As for a human reader, the analysis is focused on atoms, which can be viewed as roughly analogous to principal components, but they're not.
The first principal component is meant to convey the most information about the data space/solution space. The next will convey the most of whatever the first couldn't convey, and so on.
In programming, the goal is for each atom (or component) to convey only as much information as is necessary for it to be a meaningful atom. Thus, the programmer builds up larger atoms from smaller atoms. The goal is to eventually reach the 'topmost' structure, which would be the main() function in C, for example. That function is built completely of calls to language syntax and other atoms, whose names should reflect what that syntax or atom is doing. Thus, we don't have if doing what while would do, and vice versa.
In data analysis, you want to look at the smallest number of things that give you the largest amount of knowledge of your dataset. But, you're not analyzing data. You're reading algorithms, which do not compose a dataset in the same way that observed waveforms would. To understand an algorithm, you have to understand its component parts, or atoms.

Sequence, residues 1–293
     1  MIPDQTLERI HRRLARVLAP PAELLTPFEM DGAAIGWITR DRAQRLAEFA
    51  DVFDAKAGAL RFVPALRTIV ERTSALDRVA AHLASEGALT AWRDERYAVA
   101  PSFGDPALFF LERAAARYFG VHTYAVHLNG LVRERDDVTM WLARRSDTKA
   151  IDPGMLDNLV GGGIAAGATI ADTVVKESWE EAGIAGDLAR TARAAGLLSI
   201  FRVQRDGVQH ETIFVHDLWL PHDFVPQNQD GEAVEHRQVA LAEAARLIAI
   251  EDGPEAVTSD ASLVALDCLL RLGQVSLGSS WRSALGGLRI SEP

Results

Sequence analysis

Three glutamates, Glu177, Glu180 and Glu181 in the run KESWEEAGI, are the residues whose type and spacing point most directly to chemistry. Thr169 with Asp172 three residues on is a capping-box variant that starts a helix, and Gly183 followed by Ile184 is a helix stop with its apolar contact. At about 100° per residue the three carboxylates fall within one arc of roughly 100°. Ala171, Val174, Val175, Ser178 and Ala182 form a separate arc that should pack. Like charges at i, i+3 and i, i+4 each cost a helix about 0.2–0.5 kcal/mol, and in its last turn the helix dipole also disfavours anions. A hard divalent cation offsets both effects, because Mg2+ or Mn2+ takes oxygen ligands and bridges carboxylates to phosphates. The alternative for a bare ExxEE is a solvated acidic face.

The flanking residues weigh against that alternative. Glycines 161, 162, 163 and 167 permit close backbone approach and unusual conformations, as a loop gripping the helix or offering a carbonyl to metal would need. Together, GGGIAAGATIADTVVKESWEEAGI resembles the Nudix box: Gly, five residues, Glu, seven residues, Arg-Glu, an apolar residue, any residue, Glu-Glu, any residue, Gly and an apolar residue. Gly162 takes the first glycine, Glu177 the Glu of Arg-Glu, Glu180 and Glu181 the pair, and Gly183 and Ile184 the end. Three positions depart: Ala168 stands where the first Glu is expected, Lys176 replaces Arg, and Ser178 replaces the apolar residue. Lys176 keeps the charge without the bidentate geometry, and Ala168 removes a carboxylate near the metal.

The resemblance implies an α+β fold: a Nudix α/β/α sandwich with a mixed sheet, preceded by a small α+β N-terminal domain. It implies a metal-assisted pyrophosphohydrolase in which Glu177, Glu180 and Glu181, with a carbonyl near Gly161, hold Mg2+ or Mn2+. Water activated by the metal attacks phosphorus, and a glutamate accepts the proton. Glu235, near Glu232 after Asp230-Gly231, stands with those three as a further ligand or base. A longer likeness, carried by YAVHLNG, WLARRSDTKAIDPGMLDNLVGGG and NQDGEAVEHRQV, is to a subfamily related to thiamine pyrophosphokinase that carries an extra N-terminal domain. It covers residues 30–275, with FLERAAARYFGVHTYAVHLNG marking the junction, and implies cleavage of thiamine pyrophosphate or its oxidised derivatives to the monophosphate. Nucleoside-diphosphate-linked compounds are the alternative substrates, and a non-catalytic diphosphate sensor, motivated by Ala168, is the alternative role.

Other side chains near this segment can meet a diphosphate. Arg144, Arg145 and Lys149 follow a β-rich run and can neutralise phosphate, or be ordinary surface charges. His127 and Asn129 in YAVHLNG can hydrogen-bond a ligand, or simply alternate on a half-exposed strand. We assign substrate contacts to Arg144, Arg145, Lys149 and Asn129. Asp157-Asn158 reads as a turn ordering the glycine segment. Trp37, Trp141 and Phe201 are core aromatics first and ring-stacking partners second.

Think of it this way - when you explain a task to someone else, say a child, you break it down into smaller tasks. You keep doing so until each task is comprehensible by the recipient. At that point, you have transmitted atoms. At no point have you attempted to convey as much information as possible in one task. Each task is of similar complexity, or contains similar amounts of information.
We are the carpenters and bricklayers of the Information Age.
Don't go borrowing trouble. For programmers, this means Worry only about what you need to implement.
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Re (tilly) 1: Atoms as a concept for programming analysis
by tilly (Archbishop) on Oct 05, 2001 at 17:25 UTC
by dragonchild (Archbishop) on Oct 08, 2001 at 17:10 UTC
by tilly (Archbishop) on Oct 08, 2001 at 20:51 UTC